• Scawby was in the Brigg sub-district of the Glanford Brigg Registration District.
  • The North Lincolnshire Library has copies of the Scawby census for 1841, 1851, 1861, 1871, 1891 and 1901.
  • We have an extract of a small portion of the 1901 census which you are welcome to review or add to.
  • Check our Census Resource page for county-wide resources.
  • The table below gives census piece numbers, where known:
Piece No.
1841H.O. 107 / 643
1861R.G. 9 / 2397
1871R.G. 10 / 3427 & 3428
1881R.G. 11 / 3283
1891R.G. 12 / 2625

Church History

  • The Anglican parish church is dedicated to Saint Hibbald (or Hybald), a 7th century Saxon.
  • The church was entirely rebuilt in 1840 (or 1842), except for the tower.
  • The church seats 350.
  • A Mission Room was built around 1891 at Scawby Brook.
  • There is a photograph of St. Hibbald's Church on the Wendy PARKINSON Church Photos web site, taken by Paul Fenwick.
  • A photograph of the church is also at the CurrantBun site.
  • Here is a photo of St. Hibbald's, taken by Ron COLE (who retains the copyright):



Church Records

  • The Anglican parish register dates from 1558.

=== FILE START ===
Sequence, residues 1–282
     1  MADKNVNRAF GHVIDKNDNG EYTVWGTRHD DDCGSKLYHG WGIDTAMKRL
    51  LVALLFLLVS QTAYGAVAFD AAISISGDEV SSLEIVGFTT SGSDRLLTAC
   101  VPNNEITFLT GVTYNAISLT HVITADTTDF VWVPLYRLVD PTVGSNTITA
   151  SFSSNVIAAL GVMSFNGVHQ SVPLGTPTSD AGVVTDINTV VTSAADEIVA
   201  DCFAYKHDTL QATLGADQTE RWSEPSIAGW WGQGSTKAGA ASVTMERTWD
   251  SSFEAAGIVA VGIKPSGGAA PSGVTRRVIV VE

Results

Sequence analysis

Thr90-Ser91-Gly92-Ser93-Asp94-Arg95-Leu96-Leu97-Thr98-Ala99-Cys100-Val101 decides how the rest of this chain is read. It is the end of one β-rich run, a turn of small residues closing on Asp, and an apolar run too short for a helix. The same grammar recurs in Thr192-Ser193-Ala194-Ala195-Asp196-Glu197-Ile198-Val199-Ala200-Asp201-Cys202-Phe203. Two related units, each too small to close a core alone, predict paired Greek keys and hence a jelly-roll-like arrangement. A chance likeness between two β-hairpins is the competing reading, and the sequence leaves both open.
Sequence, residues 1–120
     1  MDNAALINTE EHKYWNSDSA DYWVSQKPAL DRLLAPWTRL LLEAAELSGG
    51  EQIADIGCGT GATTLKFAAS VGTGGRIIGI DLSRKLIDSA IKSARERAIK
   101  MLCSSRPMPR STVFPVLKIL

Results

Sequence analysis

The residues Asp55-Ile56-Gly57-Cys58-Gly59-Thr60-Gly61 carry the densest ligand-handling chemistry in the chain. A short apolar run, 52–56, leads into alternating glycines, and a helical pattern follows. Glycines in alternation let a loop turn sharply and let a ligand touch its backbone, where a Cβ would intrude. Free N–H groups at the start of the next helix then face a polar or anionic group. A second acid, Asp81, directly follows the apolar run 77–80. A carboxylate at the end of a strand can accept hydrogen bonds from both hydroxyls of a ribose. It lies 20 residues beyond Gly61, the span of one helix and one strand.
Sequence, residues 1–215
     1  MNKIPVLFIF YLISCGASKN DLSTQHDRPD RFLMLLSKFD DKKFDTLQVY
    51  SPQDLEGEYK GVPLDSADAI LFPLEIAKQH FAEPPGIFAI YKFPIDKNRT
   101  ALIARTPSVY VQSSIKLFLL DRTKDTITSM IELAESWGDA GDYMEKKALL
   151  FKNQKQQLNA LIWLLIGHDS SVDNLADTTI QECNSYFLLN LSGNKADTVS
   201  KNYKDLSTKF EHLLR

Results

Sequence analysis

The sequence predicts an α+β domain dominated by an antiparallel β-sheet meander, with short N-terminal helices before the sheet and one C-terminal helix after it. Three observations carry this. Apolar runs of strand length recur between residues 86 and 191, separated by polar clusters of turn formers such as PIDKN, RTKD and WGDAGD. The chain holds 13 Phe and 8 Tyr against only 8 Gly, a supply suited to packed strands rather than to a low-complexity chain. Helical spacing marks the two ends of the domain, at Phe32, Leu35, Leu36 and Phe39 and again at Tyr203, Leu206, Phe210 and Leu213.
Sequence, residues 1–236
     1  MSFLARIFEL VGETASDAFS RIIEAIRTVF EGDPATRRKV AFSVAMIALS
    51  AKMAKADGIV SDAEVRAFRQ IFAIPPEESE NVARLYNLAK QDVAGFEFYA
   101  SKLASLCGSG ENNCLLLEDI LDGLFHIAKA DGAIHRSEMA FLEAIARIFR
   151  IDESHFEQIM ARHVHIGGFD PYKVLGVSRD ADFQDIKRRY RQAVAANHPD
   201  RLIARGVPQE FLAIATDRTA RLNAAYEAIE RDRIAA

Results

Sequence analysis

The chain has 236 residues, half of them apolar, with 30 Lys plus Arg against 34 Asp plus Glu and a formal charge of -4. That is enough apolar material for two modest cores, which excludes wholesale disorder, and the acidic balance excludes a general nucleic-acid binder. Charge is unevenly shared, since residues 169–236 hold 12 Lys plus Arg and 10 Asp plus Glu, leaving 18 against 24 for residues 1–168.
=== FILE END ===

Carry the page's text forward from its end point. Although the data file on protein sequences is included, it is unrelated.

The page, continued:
• Parish register entries appear on the I.G.I. from 1599. The I.G.I. batch numbers are: christenings: C030791, marriages: E030791 and M030791.
  • A portion of the parish register entries from 1722-1737 appear to be missing. These entries may be in the Bishops's Transcript copies (and therefore the I.G.I.).
  • We have the beginnings of a parish register extract. Your additions would be welcome.
  • The North Lincolnshire Library has copies of the Scawby parish register for baptisms 1558 - 1948, burials 1558 - 1954 and marriages 1558 - 1935.
  • The The Lincolnshire Family History Society has indexed burials in the Kirton Lindsey area for 1813-1900, including Scawby.
  • Syd BEACROFT has offered to do lookups in the parish register for researchers. Contact him at: Syd Beacroft.
  • The LFHS has created several marriage indexes for the Yarborough Deanery, to make research easier.